The Karnataka government’s decision to promote private universities in the state prompted Wipro chairman Azim Premji funded not-for-profit organisation Azim Premji Foundation to propose one such university. This, when cleared, will be the first private university in the state. Dileep Ranjekar, CEO of the Foundation, shares the roadmap with Bibhu Ranjan Mishra. Edited excerpts:
Where do you plan to have the varsity?
If Karnataka finally passes the Bill, and empowers us to start the private university, then the location will be Bangalore.
What was the inspiration behind this concept?
The biggest issue that has actually promoted us to think about the varsity is 'why is that there is no university that is focussed on elementary education in the country'. We observed that we don't have people with professional backgrounds in this country to address issues pertaining to the education sector. Hence, this university will be very similar to the national law school which was launched primarily to create professional lawyers in the country. The university will engage itself in educating professionals who, in turn, will be required for building the capabilities of teachers and managers as educators. Besides, we intend to train people who will make policy decisions based on their knowledge about education.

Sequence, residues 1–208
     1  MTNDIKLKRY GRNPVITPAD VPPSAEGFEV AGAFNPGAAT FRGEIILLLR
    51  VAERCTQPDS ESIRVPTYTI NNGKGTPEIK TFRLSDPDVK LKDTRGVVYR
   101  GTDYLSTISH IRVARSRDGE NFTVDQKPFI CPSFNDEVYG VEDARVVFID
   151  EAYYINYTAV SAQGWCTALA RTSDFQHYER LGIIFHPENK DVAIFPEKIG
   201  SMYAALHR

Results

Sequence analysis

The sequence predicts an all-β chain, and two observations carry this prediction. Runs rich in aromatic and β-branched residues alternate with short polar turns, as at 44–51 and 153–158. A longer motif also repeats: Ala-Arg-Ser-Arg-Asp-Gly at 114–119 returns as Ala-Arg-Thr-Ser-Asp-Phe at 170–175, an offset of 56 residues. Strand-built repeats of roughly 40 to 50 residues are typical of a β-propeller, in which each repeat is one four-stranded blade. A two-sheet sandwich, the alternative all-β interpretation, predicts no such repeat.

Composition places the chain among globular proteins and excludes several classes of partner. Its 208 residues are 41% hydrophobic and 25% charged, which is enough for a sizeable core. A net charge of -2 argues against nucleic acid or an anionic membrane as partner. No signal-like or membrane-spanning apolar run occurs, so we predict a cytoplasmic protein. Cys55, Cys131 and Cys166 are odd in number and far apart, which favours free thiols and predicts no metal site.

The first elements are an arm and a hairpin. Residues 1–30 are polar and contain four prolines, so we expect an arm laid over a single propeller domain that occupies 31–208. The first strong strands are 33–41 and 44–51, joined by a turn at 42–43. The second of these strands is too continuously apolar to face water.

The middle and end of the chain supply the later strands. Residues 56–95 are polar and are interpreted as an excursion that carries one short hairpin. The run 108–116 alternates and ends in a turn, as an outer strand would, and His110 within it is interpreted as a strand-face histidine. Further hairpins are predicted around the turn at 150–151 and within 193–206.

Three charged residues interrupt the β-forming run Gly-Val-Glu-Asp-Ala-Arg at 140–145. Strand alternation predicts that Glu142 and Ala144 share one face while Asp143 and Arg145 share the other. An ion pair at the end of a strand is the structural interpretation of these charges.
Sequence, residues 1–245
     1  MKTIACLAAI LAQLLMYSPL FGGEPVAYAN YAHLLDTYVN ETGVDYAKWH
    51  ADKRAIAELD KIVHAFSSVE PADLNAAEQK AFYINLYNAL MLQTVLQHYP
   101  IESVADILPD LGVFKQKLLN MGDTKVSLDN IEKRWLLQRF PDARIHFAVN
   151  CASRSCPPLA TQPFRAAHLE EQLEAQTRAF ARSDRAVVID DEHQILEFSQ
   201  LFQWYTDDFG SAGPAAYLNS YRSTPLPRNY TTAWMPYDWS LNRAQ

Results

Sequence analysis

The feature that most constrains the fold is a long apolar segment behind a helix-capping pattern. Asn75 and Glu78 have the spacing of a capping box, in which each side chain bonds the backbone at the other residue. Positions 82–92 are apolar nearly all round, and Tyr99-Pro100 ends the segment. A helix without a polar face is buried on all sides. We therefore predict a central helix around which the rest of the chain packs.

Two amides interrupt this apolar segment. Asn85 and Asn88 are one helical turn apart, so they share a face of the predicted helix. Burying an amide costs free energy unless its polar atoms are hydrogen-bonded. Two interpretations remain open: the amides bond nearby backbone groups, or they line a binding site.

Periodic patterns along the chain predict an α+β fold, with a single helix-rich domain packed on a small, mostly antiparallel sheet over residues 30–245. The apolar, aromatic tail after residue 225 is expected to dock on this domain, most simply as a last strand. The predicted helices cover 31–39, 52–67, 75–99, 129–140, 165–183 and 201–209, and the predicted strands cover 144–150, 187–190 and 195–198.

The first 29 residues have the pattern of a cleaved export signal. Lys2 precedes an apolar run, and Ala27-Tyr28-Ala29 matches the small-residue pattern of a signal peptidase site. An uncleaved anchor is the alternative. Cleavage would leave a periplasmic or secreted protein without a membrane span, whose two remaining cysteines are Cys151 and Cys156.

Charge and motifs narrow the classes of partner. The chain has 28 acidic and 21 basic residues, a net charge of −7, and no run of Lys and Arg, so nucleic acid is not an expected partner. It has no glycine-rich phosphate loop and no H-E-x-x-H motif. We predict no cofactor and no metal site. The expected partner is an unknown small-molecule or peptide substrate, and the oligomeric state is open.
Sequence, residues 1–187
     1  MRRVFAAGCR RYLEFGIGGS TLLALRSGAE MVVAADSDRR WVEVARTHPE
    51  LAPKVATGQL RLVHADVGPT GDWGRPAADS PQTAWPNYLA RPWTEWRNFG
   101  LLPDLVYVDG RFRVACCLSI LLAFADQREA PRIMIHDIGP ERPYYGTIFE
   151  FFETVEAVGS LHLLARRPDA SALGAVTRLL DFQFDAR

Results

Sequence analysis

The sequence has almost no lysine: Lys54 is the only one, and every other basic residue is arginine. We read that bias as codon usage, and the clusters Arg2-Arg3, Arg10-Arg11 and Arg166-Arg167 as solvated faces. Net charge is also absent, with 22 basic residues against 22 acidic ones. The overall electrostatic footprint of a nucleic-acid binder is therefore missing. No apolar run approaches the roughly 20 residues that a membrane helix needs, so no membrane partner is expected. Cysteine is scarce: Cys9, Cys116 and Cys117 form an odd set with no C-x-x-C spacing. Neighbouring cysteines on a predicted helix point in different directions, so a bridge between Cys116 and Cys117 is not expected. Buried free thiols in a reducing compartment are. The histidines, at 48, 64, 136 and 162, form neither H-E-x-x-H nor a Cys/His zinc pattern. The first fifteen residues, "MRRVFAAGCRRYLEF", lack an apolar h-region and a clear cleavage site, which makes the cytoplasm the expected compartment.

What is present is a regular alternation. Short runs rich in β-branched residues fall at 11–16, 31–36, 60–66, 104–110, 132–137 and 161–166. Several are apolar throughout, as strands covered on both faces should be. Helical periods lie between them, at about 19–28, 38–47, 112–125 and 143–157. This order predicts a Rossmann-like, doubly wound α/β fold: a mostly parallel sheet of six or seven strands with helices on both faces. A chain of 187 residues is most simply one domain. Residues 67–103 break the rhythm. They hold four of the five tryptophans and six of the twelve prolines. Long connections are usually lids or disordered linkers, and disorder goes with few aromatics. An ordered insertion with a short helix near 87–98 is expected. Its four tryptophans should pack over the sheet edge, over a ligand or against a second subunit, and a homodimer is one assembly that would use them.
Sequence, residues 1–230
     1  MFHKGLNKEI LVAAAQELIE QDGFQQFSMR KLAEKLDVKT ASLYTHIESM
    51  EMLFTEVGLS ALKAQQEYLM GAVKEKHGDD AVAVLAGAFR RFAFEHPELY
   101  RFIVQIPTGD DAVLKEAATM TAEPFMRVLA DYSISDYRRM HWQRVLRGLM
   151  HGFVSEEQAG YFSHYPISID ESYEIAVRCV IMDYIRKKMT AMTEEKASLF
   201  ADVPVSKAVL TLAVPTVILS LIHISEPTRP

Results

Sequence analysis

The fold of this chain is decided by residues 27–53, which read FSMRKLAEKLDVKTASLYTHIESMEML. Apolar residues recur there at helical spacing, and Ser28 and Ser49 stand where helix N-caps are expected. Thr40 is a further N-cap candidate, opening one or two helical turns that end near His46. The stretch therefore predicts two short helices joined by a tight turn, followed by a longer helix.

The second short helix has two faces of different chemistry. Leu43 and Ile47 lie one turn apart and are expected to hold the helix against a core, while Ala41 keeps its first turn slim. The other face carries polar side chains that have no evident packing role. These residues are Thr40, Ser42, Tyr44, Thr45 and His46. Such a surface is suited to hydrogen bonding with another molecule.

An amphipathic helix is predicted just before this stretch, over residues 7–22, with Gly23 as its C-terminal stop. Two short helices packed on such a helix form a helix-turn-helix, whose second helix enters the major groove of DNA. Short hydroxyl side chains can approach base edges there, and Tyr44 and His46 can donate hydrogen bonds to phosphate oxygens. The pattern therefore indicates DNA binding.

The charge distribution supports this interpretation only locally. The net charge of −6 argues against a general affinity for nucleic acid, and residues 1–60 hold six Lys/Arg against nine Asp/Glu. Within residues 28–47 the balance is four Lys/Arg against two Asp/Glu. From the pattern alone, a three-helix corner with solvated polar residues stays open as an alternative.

What courses you plan to offer?
Since it will be a self-financing university, will students bear the cost?
Essentially it will be borne by the students. But where the students can't afford, we will have a scholarship programme.
How much funding have you received from Azim Premji for the Foundation so far?
We have earmarked close to Rs 650 crore so far, and this has been entirely funded by Azim Premji. We work with the government and we leverage the funds which we spend. The leverage is very important because the state has really the strength. Because anybody else spending money on the education is going to be very minuscule. The Foundation works with the government which is responsible for schooling. We work with close to about 20,000 schools across the country.
Will the UGC recognise the courses being offered by the university?
The university that comes into existence through a state legislation, will automatically be a recognised university. We don't have to approach the UGC for this.